# Illustrated guide to Types, Sets and Values.

This document is a graphical exploration on the relationship between Types, Sets and Values.

The goal is to help develop an intuition about types by representing them graphically in a very concrete way: as labels or post-its attached to expressions.

Audience: Beginner.

We’ll be talking about two different notions of functions:

i) Mathematical functions. They are abstract, and can be defined between two arbitrary Sets. They “live” in our heads, so to speak.

We’ll use the notation `A → B` in this case.

ii) Scala functions and methods. We’ll use `A => B` in this case.

The two notions are not the same: a Scala function corresponds to a mathematical function only when it is pure, and there are many mathematical functions that are not expressible as Scala functions.

# 1. Preliminaries

## 1.1 Types as labels

We’ll start by declaring types to be just labels (think of tags / post-its, etc) assigned to expressions.

## 1.2 Types and values

Let’s call `𝕋` the set of all types, `𝕍` the set of all values, and consider the function `V` that maps each type to its set of possible values:

`                          V: 𝕋 → 𝒫(𝕍)                                 `

Note: `𝒫(𝕍)` is the power set of `𝕍` (the set of all its subsets).

As you can see, the function `V` allows us to distinguish values of different characteristics from each other.

In a dynamic language such as Python on the other hand, all values have a single label assigned to them, which we can call `Dynamic`.

You might be thinking that even in Python there are different kinds of values: numbers, lists, dicts, etc.

This is true: they definitely have a different representation in memory, but the distinction between the number `1` and the string `"one"` exists only at runtime. As far as the interpreter is concerned they are the same, and will happily attempt to perform `1 / "one"` only to throw an exception.

`>>> 1 / "one"Traceback (most recent call last):File "<stdin>", line 1, in <module>TypeError: unsupported operand type(s) for /: 'int' and 'str'`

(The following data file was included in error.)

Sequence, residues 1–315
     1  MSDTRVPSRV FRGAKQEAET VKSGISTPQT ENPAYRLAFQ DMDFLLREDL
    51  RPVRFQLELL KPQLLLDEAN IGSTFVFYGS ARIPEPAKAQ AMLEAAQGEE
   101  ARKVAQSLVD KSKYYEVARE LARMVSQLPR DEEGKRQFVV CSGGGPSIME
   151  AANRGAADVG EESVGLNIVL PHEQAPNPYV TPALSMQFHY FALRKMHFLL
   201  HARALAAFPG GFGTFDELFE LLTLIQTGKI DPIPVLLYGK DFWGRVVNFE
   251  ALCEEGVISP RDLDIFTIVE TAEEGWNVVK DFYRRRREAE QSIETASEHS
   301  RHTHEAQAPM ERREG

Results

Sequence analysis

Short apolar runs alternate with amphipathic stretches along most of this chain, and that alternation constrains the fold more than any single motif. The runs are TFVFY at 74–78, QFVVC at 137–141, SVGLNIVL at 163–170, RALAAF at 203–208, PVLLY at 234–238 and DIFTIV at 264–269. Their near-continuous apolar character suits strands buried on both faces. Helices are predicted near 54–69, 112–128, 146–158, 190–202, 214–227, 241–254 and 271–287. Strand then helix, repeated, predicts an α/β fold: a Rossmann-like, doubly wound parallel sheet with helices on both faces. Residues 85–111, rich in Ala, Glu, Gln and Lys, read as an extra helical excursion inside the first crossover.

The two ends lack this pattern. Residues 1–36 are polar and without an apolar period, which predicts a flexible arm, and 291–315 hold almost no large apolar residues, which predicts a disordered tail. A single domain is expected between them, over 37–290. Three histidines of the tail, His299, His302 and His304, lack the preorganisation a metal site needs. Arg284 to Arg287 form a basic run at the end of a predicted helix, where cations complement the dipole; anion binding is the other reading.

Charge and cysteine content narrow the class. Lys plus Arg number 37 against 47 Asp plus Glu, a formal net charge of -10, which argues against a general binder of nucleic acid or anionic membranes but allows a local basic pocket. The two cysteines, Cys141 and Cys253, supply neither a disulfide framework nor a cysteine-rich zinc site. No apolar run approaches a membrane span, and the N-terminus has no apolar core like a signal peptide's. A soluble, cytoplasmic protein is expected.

What about people writing or reading the program? Well, we try to be aware of such a difference, with varying degrees of success.

So when we talk about types, we are talking about a static property that the typechecker can verify without running the code, not the specifics of the in-memory binary representation of values at runtime.

## 1.3 Some examples of types and corresponding set of values

In this list, some types are “atomic” or “simple”, while others are derived from other types by combining them in different ways.

This is going to be one of our main themes: we’ll systematically explore different ways to combine types and analyze the resulting set of values.

Another important theme is that in order to keep things simple we’ll basically ignore the meaning of values of a given type. Values will be represented as mere featureless points in a set.

# 2. Simple types

First thing first: how do we even create new types?

Consider the following definitions:

At this point we have introduced 4 new types (labels) into our program:

# 3. Families of types: Functions in ​𝕋

A trait declaration such as

defines a (math) function from types to types:

`                     F:  𝕋  →  𝕋                         A  ↦ F[A]`

We can apply this function to a type, and the result will be another, brand new type.

We’ll represent type functions as incomplete labels (or labels with holes). Once the missing label is provided we get a proper label.

Using `List` as an example:

The top rectangle represents ​`{𝕋 → 𝕋}`, the set of all (simple) type functions, of which `List` is a member.

To be clear: `List​` is not a Scala function. But it is a mathematical function.

In the expressions above:

• `List` is not a type, it needs a type argument to become a type. It is a type constructor.
• `List[Int]` is a brand new type.
• `List[Try]` is invalid, because the declared argument of `List` has to be a proper type.

Even though `List[Int]` and `List[String]` are different types, they are clearly related (and we can expect the corresponding values to also be related somehow). Thus type functions allows us to create families of related types:

`                        { List[A] | A ∈ 𝕋 }`

Observe that this is just the image of `List`.

Another example:

One difference between type functions and regular (math) functions is that applying type functions just “accumulate” its arguments. i.e. there is not automatic simplification.

For example:

`List[Either[(Int, A), Map[Int, String]]]`

(hence the need for type aliases).

## 3.1 Functions of multiple arguments

Otherwise identical to single-argument functions, except with more than one hole.

For example, the signature of `Map` is:

`                           𝕋 × 𝕋 →  𝕋`

The signature of a type function is called its kind:

• Regular types have kind `Type` (i.e. 𝕋 ​). They are also called proper types.